These demonic forces prevailed from the "[[golden age]]" until the beginning of our present "[[era of strife and conflict]]." It was then, the tantra recounts, that the Blessed One, [[Vajradhara]], knew that the time had come to subdue these unsuitable beings. Without his mind ever wavering from [[objectless compassion]] ([[dmigs pa med pa'i snying rje]]), he arose in the formidable wrathful display of a [[Heruka]] with four heads and twelve arms. He danced, and through the power of the [[nondual wisdom]] of all [[the Buddhas]], trampled down [[Mahadeva]] and his consort together with their [[retinue]], liberating their minds into the absolute expanse and establishing them in [[great bliss]].
 
 
 
The [[Heruka]] then blessed each of the [[twenty-four abodes]] as a palace of [[Chakrasamvara]] and each of the twenty-four [[lingam]]s as a [[mandala]] of [[sixty-two wisdom deities]]. The sixty-two are [[Chakrasamvara]] and his consort, and his [[retinue]]: the twenty-four male and twenty-four female [[Bodhisattva]]s, and the [[twelve goddesses]].
 
 
 
At the [[nirmanakaya]] level, it is said that [[Mt. Kailash]] was miraculously blessed by [[Buddha Shakyamuni]] and [[five hundred arhats]].  Once, [[Ravana]] ([[mgon po beng]]) and his consort had taken to their palace in [[Lanka]] one of the three statues of [[Buddha Shakyamuni]] which the Lord himself had blessed.  Desiring to place this statue on a worthy support, [[Ravana]] had planned to take [[Mt. Kailash]] on his back and carry it to [[Lanka]].  At the same moment [[Lord Buddha]] and [[five hundred arhats]] came flying through the sky and alighted to the west of [[Mt. Kailash]], leaving their footprints in the rock.  The [[Buddha]] stepped on all four sides of the mountain, leaving footprints in the rock which are known as the [[Four Immutable Nails of Kailash]] ([[mi 'gyur ba'i gzer bzhi]]).  [[Ravana]] thus was unable to lift the mountain.  Then the Buddha sat on a rock in front of the mountain and taught [[Dharma]] to the [[naga king]] [[Anavatapta]], the lord of the [[Lake Manasarovar]].  He then taught the ''[[Lankavatara Sutra]]'' to [[Ravana]], and blessed him and his consort as the [[Glorious Wisdom Protector]], the [[Great Being and Consort]] ([[dpal ye shes mgon po beng chen lcam dral]]).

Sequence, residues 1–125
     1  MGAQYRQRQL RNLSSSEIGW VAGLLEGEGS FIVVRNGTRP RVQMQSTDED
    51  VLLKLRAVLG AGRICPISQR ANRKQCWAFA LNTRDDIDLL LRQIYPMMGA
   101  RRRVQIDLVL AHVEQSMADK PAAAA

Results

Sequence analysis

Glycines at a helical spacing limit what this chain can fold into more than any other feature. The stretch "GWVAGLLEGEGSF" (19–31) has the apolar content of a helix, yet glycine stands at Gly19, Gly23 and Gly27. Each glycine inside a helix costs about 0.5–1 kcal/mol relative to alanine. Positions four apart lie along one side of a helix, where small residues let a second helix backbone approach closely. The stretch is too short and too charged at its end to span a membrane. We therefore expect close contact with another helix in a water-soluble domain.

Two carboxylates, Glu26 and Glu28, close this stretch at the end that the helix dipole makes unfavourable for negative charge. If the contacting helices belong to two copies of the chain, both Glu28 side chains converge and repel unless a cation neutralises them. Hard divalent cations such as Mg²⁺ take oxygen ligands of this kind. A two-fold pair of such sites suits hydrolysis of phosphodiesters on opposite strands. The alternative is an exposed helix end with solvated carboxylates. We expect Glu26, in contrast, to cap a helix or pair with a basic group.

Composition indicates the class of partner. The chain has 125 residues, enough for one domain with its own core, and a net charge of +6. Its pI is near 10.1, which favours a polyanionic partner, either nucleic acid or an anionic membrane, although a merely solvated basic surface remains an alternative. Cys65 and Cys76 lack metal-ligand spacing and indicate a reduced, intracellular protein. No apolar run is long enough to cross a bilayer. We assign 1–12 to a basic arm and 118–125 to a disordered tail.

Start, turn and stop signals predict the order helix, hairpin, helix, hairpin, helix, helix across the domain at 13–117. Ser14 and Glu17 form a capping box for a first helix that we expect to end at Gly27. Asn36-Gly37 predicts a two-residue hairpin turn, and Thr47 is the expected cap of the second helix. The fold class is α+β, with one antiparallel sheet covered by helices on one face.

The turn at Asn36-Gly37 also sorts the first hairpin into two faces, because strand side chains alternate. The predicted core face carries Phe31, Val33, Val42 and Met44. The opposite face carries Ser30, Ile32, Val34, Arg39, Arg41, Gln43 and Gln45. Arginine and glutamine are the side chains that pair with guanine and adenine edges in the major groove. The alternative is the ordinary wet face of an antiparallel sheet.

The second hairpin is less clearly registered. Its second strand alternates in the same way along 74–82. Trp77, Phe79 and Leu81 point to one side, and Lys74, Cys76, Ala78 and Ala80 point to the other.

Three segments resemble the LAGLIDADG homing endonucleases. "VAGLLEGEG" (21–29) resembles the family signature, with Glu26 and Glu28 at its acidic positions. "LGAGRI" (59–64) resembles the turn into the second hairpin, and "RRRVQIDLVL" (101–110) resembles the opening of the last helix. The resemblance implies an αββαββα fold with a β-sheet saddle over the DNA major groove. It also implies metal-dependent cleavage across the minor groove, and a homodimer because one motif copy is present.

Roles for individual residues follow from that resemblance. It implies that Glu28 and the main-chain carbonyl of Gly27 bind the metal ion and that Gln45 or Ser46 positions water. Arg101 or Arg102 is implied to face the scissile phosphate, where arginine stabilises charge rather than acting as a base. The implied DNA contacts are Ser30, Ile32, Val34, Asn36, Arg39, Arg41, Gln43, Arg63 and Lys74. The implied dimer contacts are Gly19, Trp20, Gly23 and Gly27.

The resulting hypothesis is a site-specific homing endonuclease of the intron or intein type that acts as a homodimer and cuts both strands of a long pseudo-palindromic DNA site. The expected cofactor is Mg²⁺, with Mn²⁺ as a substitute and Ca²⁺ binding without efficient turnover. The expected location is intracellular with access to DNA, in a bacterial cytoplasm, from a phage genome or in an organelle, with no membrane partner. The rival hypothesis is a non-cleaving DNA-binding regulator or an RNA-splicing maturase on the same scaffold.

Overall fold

[[Mt. Kailash]] was later blessed by [[Guru Padmasambhava]], and became famous after
 
[[Jetsun Milarepa]] lived there and held his contest of miracles with [[Naro Bonchung]].  (When [[Jetsun Milarepa]] and the [[Bonpo]] [[Naro Bonchung]] held their famous contest of miracles to decide who would retain supremacy over the sacred mountain, they left imprints of their feet in the rocks and many other miraculous signs.  See G. C. C. Chang, (1962, vol. 1, pp. 215-224). Later [[Gyalwa Gotsangpa]] ([[rgod tshang pa mgon po rdo rje]]), [[Linge Repa]] ([[gling rje ras pa]]) (1128-1188), and many other great meditators lived ascetic lives at the foot of [[Mt. Kailash]].
 
 
 
In particular, holders of the [[Drigung Kagyu]] lineage frequented this place in great numbers.  [[Drigung Jigten Gonpo]] ([['bri gung 'jigs rten mgon po]] 1143-1217) had a dream in which the guardian deities of the [[Three Sacred Places]] of [[Tsari, Lapchi, and Kailash]] came and prostrated themselves before him, requesting him to go and bless their territories.  [[Jigten Gonpo]] replied that he would send great meditators instead.  Accordingly, he dispatched 80 hermits to each place.  Some years later, he reputedly sent 900 hermits and finally 55,525 practitioners to each site (see Huber, 1989).  At [[Kailash]] these were under the leadership of the great ''[[pandita]]'' [[Yakgangpa]] ([[pan chen]] [[yag sgang pa]]), who is also called (according to MK, pg. 59), [[Dorzin Guhya Gangpa]] ([[rdor 'dzin gu hya sgang pa]]); at [[Lapchi]] the practitioners were led by [[Geshe Paldrak]] ([[dge bshes dpal grags]], 12th-13th century); and at [[Tsari]] they were under the guidance of [[Dorzin Gowoche]] ([[rdor 'dzin mgo bo che]]).  In the [[Three Sacred Places]] of [[Tsari, Lapchi, and Kailash]], ''Dorzin'' ([[rdor 'dzin]] = ''Holder of the [[Vajra]]'') usually refers to a spiritual master or an administrator sent from [[Drigung Monastery]] as representative of the [[Drigung]] hierarchs.  (see Petech 1978, 317.)  ([[MR-ShabkarNotes]]).
 
 
 
 
 
 
 
 
 
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Revision as of 17:59, 2 April 2008

bka' dgongs phur gsum

The three great tantric cycles of the Nyingma or the principal dieties of these cycles.

bka' brgyad - Eight classes of Heruka
dgongs 'dus / bla ma dgongs pa 'dus pa / bla ma dgongs 'dus -
phur ba / rdo rje phur ba - Vajra Kilaya